The Role of the Pedagogical Leader: Moving Forward in Uncertain Times

Over the many months of the pandemic, our organization found ourselves on what felt like a roller coaster ride of emotions and inspirations. Staying connected to every teammate and colleague virtually was an important first step in continuing and building on our relationships while we were all apart. Professional learning opportunities supported us through the four months that we were away from our programs, the families, the children and each other. My time at home included filling notebooks with reflective quotes and powerful reflective inspirations. So many Compass employees were working together in this way, supporting each other, inspiring each other, leaning on each other and learning together. The miles shrunk away and our trusting relationships grew during this virtual time together.

 As we prepared to return to our program, to welcome our children and families back, we were once again reminded that questions drive practice:

  • How can we prepare for uncertainty? 
  • How do we find ways to really listen and encourage teams to ask for what they need?
  • How can we hold space for people to share their stories?
  • What can we learn from each other through our experiences?
  • How can we make agreements about the kind of culture we want to re-imagine?
  • How will we continue to keep the threads of inspiration and learning from our time at home, and put those into our daily practice?
  • How can we stay in the present and continue to enjoy the feeling of slowing down?

These were important questions for not only our organization, but ones we wanted to explore as a program. In the weeks before we opened, we started to turn inward. As the program’s pedagogical leader, alongside the administrative lead, we worked together to consider the intentional ways we would reconnect with educators, understanding that intentionality is paved by reflection. Our reflections from our experiences helped us to build intentional systems to re-engage. We met with each individual and team virtually. We wanted time for everyone to share what they needed from one another and think together about how each of us is connected and to think together about how interconnected an interdependent we are. We are better together, we need each other and wanted to reflect on how we would use this pause as a way to restart.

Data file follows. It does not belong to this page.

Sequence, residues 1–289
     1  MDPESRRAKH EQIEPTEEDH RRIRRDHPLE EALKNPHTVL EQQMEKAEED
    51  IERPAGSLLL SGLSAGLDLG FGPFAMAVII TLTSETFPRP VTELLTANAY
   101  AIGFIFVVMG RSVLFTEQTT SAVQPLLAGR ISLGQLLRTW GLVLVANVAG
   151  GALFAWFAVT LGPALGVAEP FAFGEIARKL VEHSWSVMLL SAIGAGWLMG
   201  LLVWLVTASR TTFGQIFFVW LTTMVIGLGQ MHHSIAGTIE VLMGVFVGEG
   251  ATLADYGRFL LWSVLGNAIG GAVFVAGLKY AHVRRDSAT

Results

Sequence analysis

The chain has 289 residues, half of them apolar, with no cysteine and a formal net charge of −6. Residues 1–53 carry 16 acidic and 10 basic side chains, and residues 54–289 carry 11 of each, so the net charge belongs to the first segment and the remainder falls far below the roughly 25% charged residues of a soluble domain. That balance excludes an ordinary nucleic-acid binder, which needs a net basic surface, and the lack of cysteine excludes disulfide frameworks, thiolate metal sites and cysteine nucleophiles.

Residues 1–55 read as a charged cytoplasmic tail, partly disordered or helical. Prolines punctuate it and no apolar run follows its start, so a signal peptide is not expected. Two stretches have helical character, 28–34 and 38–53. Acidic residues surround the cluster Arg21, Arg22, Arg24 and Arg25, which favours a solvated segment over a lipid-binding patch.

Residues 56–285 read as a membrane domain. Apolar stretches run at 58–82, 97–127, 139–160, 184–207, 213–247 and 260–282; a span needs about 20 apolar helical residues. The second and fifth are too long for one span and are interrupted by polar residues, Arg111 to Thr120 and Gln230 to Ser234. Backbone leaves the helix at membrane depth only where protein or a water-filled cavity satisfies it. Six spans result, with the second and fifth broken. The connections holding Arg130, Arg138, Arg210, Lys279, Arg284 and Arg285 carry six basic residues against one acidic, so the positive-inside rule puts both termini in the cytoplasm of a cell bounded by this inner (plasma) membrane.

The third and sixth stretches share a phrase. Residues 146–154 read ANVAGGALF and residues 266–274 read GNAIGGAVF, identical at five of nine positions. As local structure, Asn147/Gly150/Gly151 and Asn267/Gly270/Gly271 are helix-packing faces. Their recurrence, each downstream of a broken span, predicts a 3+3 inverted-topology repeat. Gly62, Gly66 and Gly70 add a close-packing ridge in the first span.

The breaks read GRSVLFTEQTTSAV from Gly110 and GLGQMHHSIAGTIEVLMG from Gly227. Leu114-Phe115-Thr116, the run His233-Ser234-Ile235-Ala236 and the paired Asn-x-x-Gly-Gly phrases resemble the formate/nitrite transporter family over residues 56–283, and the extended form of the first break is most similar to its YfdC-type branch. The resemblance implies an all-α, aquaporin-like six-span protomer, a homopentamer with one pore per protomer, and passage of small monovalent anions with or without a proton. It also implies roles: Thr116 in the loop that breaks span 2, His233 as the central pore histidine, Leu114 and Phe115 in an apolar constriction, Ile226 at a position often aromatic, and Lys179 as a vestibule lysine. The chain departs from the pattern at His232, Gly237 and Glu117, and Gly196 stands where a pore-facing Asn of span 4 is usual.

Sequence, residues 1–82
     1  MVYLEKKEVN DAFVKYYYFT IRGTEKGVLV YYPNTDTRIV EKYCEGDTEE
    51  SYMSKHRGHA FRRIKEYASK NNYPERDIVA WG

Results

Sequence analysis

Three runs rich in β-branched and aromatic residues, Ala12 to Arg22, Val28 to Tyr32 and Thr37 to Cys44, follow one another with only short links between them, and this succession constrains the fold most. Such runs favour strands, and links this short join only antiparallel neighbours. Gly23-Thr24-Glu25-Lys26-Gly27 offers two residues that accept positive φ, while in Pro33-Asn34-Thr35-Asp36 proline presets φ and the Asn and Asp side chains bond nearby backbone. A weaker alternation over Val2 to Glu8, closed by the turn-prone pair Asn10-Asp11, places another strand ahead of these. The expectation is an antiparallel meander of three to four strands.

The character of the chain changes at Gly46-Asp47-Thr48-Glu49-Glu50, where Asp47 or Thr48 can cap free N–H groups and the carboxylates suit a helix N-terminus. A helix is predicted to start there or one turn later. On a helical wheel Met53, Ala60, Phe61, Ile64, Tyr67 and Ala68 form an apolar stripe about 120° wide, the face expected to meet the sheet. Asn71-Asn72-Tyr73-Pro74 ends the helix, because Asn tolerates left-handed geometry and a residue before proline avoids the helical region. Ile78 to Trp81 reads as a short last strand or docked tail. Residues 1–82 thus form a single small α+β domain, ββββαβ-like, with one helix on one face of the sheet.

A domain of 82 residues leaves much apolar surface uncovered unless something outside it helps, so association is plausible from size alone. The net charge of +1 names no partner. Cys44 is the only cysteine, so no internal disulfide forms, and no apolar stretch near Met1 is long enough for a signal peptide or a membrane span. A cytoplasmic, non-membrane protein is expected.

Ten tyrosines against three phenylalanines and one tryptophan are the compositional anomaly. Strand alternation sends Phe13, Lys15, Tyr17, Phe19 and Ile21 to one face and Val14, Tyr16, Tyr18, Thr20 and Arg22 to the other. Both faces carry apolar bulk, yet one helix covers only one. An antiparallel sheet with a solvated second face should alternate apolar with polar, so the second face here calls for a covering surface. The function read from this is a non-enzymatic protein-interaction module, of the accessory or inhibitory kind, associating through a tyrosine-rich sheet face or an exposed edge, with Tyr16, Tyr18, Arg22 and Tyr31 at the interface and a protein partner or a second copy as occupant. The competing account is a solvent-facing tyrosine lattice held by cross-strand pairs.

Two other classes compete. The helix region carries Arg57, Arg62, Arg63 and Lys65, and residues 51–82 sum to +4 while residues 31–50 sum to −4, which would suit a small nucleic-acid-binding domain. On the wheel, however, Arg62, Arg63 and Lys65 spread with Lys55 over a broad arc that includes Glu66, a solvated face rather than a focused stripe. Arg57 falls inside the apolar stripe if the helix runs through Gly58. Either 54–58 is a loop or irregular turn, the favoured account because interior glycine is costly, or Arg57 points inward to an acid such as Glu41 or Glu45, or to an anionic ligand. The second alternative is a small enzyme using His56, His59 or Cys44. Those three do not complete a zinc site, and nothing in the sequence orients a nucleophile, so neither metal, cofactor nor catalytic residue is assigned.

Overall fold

Safe Caring Joyful Places

“We recognize that we are all deeply interconnected. We strive to create joyful and safe environments, for children, parents, communities, and ourselves, where we can honour all parts of us: the cognitive, physical, emotional, and spiritual, and where each of us can be authentic.”

As an organization, we hold a strong value for creating “safe, caring joyful places.” This was felt for each of us during our four months at home. As leads in our program, we wanted to create a brave, authentic place for our teams.

As a pedagogical leader, I am often inspired by reflective quotes. Connecting with Cy Wakeman’s words in this moment helped us with our next steps:

 “Our circumstances are not the reason we cannot succeed. They are the circumstances in which we must succeed.” 

Everyone has unique circumstances and it’s so important that we recognize and hold a place for everyone’s stories. One of the most important steps in our process to return was to create a space for people to have a voice and to be heard. Being able to share our feelings, emotions, anxiety and stories helped us to be ready to welcome children and families back. Casual talking is one thing, but this needed focused time. We needed to create an intentional and thoughtful way to hear everyone’s stories. Our stories are an important part of our identity and an imperative part of how we are in the world and how we build relationships. These ideas come from inspirations from my time in New Zealand and continue to have a strong influence in my life and work as a pedagogical leader.